Thursday, June 28, 2007

28th June, 2007 Join-Up

I always think very carefully before I do a full Join-Up with a horse. Often I can achieve the same results by simply moving the horse around and very often the facilities are just not available or secure enough at a customer's yard. I think it's healthy that there are many views even within the narrower equestrian field of so-called natural horsemanship and I keep an open mind about all techniques. One of my favourite quotes is that a closed mind is like a closed parachute, not much use to anyone! Join-Up had a miraculous effect on Petra all those years ago and changed the course of my entire life. Like many IH students, I would Join-Up with everything while I was training (in fact I think that's how I persuaded David to marry me). I am very grateful to Kelly for giving me permission to publish her most recent advice re: Join-Up


Why might we want to do a Join Up with a horse?
Because doing Join Up can help create a bond of trust and respect with your horse by communicating in a way that the horse understands. It can encourage the horse to want to be close to you and see you as his SAFETY ZONE. (Think this through carefully if you have a horse you don’t want to get too close to you).
How does it work?
In the wild, the only way one horse can show ‘leadership’ over another is to move the other horse around. In the herd you have the lead mare who leads from the front and so we can use leading exercises to achieve the movement we desire. There is also the stallion who drives from behind and this is why we also find long lining a really useful tool. Join Up is a way for us to move the horse while he is loose and this gives us a really useful way of assessing and learning more about him and might help us decide the best approach to take as well as making that initial connection that can be so helpful. Join Up can alter a horse’s attitude because by you controlling his actions he looks at you in a new light. By ‘speaking in his language’ it opens up to him the possibility that humans may be showing signs of intelligence and it could be worth listening to them!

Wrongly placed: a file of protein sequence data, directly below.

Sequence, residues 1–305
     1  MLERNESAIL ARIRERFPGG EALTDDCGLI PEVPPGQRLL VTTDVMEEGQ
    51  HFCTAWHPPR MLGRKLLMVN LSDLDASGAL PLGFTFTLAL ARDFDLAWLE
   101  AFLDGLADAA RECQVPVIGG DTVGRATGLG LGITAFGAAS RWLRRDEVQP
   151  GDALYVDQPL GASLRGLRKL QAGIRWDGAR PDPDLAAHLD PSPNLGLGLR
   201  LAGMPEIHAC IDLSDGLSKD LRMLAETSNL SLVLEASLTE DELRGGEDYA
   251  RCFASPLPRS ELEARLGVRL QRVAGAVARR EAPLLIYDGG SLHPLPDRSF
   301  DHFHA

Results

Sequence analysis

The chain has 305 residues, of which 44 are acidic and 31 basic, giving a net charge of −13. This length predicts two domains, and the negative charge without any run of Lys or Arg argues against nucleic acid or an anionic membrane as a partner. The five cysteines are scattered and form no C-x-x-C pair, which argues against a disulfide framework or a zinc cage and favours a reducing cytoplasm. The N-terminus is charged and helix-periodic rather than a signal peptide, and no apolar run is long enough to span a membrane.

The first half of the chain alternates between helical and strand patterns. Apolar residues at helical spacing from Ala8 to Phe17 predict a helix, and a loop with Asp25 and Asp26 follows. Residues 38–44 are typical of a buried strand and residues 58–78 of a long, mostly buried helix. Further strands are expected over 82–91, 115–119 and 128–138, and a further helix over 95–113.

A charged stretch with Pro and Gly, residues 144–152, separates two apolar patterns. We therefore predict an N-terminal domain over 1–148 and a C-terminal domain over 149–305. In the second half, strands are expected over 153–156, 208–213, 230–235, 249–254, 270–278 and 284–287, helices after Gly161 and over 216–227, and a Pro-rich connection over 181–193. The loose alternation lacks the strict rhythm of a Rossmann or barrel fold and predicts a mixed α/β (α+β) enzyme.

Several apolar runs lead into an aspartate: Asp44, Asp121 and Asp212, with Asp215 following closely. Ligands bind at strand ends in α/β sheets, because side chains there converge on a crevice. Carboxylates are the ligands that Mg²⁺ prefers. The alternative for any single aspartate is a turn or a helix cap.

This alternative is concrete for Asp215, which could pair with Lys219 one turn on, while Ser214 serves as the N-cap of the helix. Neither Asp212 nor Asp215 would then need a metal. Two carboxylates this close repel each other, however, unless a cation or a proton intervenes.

Remember if we want a horse to feel fully comfortable with us we need to be in an emotionally ‘good’ place as well. If nothing else make sure you breathing is deep and comfortable and your movements are relaxed when you are with the horse.

Who is it good for?
It can be useful and appropriate with a young horse ready to be started, a horse that has ‘problems with people’; particularly if he is sceptical or has any trust issues. It can be useful to start or cement or assess the relationship the horse has with humans. It should be pointed out here that to the horse Join Up is generalised to all humans, so for instance he won’t only now respond to the person who has just done Join Up with him. Of course, if someone comes in with bad body language and bad intention the horse is not going to respond to them. It is extremely good for THE PERSON to learn how to do Join up as it can improve their body language and the way they can relate to horses immeasurably and start a whole new understanding of horses. The lessons you learn through Join Up will stand you in good stead with all your other work with horses (providing of course you use and remember them!)
Being Realistic